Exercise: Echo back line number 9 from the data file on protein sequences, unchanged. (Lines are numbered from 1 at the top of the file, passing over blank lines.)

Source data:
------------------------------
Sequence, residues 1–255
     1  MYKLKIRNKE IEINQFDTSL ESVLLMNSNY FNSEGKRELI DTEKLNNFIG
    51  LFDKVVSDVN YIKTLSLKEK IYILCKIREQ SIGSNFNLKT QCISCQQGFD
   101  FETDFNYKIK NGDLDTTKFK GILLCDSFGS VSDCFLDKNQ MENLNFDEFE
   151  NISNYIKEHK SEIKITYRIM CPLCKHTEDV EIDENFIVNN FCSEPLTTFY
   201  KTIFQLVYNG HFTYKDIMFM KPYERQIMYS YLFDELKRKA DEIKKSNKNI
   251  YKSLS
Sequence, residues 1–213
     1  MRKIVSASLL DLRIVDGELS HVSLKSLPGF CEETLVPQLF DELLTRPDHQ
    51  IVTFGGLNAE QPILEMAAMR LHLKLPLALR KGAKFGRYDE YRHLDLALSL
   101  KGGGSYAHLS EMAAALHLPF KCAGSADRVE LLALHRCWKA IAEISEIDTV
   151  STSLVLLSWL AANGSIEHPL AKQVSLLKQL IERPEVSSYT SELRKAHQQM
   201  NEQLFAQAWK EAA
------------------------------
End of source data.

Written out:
     1  MRKIVSASLL DLRIVDGELS HVSLKSLPGF CEETLVPQLF DELLTRPDHQ